What is DMARC, and how does it combat phishing?
- DMARC is a way to make it easier for email senders and receivers to determine whether or not a given message is legitimately from the sender, and what to do if it isn’t. This makes it easier to identify spam and phishing messages, and keep them out of peoples’ inboxes.
- DMARC is a proposed standard that allows email senders and receivers to cooperate in sharing information about the email they send to each other. This information helps senders improve the mail authentication infrastructure so that all their mail can be authenticated. It also gives the legitimate owner of an Internet domain a way to request that illegitimate messages – spoofed spam, phishing – be put directly in the spam folder or rejected outright.
Why is DMARC needed?
End users and companies all suffer from the high volume of spam and phishing on the Internet. Over the years several methods have been introduced to try and identify when mail from (for example) ENMAIN.COM really is, or really isn’t coming from the ENMAIN. However:
- These mechanisms all work in isolation from each other
- Each receiver makes unique decisions about how to evaluate the results
- The legitimate domain owner (e.g. ENMAIN) never gets any feedback
DMARC attempts to address this by providing coordinated, tested methods for:
Domain owners to:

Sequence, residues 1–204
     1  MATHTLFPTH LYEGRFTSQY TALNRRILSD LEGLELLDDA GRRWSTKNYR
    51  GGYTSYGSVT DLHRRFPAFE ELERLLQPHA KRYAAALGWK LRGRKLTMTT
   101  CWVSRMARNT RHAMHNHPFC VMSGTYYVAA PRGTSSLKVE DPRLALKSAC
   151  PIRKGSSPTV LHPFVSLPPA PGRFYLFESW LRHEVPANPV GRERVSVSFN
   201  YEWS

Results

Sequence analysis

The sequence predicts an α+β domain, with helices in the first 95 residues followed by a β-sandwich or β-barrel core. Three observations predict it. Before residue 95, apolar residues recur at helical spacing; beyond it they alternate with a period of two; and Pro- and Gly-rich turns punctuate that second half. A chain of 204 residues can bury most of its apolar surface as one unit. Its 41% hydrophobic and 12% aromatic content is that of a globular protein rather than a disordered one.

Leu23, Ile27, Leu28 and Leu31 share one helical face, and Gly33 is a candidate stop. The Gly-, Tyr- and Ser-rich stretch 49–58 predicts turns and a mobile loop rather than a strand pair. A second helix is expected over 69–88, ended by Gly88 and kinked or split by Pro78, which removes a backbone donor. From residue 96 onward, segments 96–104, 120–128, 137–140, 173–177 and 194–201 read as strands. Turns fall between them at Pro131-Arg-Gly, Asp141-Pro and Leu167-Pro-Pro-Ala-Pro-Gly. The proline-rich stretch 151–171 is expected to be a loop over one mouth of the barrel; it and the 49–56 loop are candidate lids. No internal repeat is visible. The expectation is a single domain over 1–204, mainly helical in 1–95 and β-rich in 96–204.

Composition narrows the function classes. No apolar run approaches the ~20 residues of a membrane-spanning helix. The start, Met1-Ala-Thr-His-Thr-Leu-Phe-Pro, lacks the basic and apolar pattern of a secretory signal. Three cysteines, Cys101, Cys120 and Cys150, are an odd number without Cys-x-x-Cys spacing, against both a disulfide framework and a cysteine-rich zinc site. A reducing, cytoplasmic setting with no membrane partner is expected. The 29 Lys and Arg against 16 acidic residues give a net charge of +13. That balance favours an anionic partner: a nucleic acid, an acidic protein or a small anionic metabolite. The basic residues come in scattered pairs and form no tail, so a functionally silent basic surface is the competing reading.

- Signal that they are using email authentication (SPF, DKIM)
- Provide an email address to gather feedback about messages using their domain – legitimate or not
- A policy to apply to messages that fail authentication (report, quarantine, reject)
Email receivers to:
- Be certain a given sending domain is using email authentication
- Consistently evaluate SPF and DKIM along with what the end user sees in their inbox
- Determine the domain owner’s preference (report, quarantine or reject) for messages that do not pass authentication checks
- Provide the domain owner with feedback about messages using their domain
A domain owner who has deployed email authentication can begin using DMARC in “monitor mode” to collect data from participating receivers. As the data shows that their legitimate traffic is passing authentication checks, they can change their policy to request that failing messages be quarantined. As they grow confident that no legitimate messages are being incorrectly quarantined, they can move to a “reject” policy.